The relationship between text and image is “blurred and complex” (Prior, 2005, p. 26) though, and the elements are not completely distinct. There is a visual grammar and spatial dimension to the presentation of text that influences the meaning making of the words. (Dobson, 2011) Over the years, print culture has developed methods of using graphic devices (indentations, page numbers, paragraphs, image location, etc) in order to aid navigation and support the narrative. These devices gradually became part of print culture writing conventions with readers largely being unconscious of their navigational role. (Drucker, 2008). However, their absence is striking when viewing manuscripts and early prints that do not use these tools.
The Digital Age
The onset of the digital age upset the balance between text and image, undermining the domination of the word, and pushing speech and writing “to the margins of representation to be replaced at the centre by the mode of image” (Kress, 2005, p. 17). As computer technology and graphic design improved, even better and more integrated image display became possible. The affordances of new media created an opportunity for images to break free from the limitations of words ultimately producing a unity between text and image on the computer screen not seen since the medieval codex (Bolter, 2001). Delivery had become truly multimodal, with text still providing its own distinct logic (sequential and narrative based) but having to share space with the immediacy of the visual, whether it was a still image or video. As Bolter (2001) observed, prose has become the last resort of a website designer, used when he or she had run out of ideas, time or resources. Websites followed a non-linear image-based logic offering multiple entry points (Kress, 2005) reducing blocks of text to pictures.
The altered balance between text and image on the computer screen has changed the relationship between author and reader, and has influenced how the reader – or more appropriately, the viewer – makes meaning from a variety of sign systems not just the alphabet, leading to a situation where the concept of reading (and literacy) may need to be rethought. Knowledge is no longer supplied; information is, which the viewer must order according to their own “lifeworld”, and then construct his or her own meaning. The role of the author as an authority is diminished; he or she must now, as a designer, consider the “aptness” of the mode of representation and how well it aligns with the needs of the imagined audience (Kress, 2005).
This makes the role of the designer considerably more complex than the author in the age of print, who, possessing the authority of a subject matter expect, was expected to express him or herself with words on a page, occasionally using pictures to support the order of the narrative. The creator of multimodal digital content has a series of design decisions that require knowledge of the affordances and “logic” of each mode and an understanding of the interaction of each one of them. As well, as our cultural understanding of how we navigate through textual and visual environments has largely been shaped in the age of print, and this understanding creates assumptions in the viewer on structure and design of sign systems (Drucker, 2008). In order to produce comprehensible work, designers must still function within the constraints of these culturally formed conventions. Also, literacy has historically been understood in terms of reading; the definition may need to be enhanced to include meaning making from a wider range of media.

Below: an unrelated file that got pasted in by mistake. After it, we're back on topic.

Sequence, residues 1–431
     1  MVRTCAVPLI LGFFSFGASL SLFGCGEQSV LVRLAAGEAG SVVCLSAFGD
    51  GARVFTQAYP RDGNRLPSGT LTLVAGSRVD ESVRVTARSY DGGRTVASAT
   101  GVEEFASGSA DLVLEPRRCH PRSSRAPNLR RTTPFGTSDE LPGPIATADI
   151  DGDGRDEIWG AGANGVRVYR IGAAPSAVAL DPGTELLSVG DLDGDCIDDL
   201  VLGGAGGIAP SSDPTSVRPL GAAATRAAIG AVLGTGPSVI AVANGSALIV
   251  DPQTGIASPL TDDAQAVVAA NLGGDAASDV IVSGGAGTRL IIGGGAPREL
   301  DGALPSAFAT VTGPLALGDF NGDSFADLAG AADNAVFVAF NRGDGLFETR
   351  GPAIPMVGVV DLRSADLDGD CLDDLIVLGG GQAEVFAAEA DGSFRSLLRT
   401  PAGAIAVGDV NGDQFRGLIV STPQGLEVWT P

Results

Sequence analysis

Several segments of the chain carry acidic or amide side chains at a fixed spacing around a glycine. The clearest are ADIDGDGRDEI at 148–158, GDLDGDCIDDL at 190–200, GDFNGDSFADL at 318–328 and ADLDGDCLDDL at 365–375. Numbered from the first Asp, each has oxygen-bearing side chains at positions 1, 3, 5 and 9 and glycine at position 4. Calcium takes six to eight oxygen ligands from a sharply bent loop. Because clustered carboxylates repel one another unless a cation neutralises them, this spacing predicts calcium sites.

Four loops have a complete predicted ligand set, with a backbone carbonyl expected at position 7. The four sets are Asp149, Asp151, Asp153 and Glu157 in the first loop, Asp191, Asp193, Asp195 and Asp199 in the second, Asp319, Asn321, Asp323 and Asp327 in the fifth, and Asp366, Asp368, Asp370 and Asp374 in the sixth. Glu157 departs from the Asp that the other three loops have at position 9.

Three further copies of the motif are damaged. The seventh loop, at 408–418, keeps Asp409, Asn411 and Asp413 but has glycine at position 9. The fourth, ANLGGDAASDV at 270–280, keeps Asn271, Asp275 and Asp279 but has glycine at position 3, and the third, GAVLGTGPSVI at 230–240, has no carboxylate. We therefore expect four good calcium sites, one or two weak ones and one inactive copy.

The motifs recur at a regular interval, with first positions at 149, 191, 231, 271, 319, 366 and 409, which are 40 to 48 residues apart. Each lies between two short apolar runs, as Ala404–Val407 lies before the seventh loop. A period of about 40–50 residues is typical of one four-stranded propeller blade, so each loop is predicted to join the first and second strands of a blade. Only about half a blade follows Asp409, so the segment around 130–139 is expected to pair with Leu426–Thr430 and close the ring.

However we a understand the post-printing press relationship between image and the word, it is clear that text is not now, and likely will never be again, the dominant mode of representation. Textual display has defined our understanding of meaning making for 500 years, but now, in the late age of print, tension between word and image has increased as they have become competitors for space on the computer screen: each one offering their own logic – one temporal and the other spatial. Still, even as scholars discuss the differences between modes, we must also remember that these elements are not entirely distinct and that there has always been interaction between the two: for example the spatial characteristics of textual data influence our understanding, and visual display may possess narrative properties as well. There is complexity to the relationship as new media remediate older forms.
The challenge before designers and educators is to function within an increasingly multimodal cultural and educational space, and to select appropriate modes for who they imagine their audience to be. They must also recognize that viewers still rely on culturally determined graphical and textual devices to support navigation and meaning making, and that these must be considered as new designs are conceived. Designers risk irrelevance is they move too far ahead of their audience.
Finally, entering the digital age will require us to think carefully about how we define literacy and how we want students to develop the capacity to make meaning from the range of sign systems they work within, and then, to develop meaningful measures of this capacity as we go forward.
Bolter, J.D. (2001). Writing space: Computers, hypertext, and the remediation of print. Mahwah, NJ: Lawrence Erlbaum.
Dobson, S. (2011). [Review of the paper Gains and losses: New forms of texts, knowledge, and learning, by G. Kress]. Seminar. Net: International Journal of Media, Technology & Lifelong Learning, 7(2). Retrieved from http://seminar.net/index.php/reviews-hovedmeny-110/72-reviews/39-literacy-i n-the-new-media-age-by-gunther-kress.
Drucker, J. (2008). Graphic devices: Narration and navigation. Narrative, 16(2), 121 -139. doi: 10.1353/nar.0.0004
Kress, G. (2005). Gains and losses: New forms of texts, knowledge, and learning. Computers and Composition. 22(1). 5-22. doi:10.1016/j.compcom.2004.12.004
Prior, P. (2005). Moving multimodality beyond the binaries: A response to Gunther Kress’ “Gains and Losses”. Computers and Composition, 22(1). 23-30. doi:10.1016/j.compcom.2004.12.007
Sillars, S. (2004). The illustrated short story: Towards a typology. In P. Winther, J. Lothe & H.H. Skei (Eds), The art of brevity (pp 70-80). Columbia, S.C: University of South Carolina Press.
Tufte, E.R. (2006). Beautiful evidence. Cheshire, CT: Graphic Press LLC.
Wolf, M. (2007). Proust and the squid: The story and science of the reading brain. New York, NY: HarperCollins Publishers.
All images Public Domain via Wikimedia Commons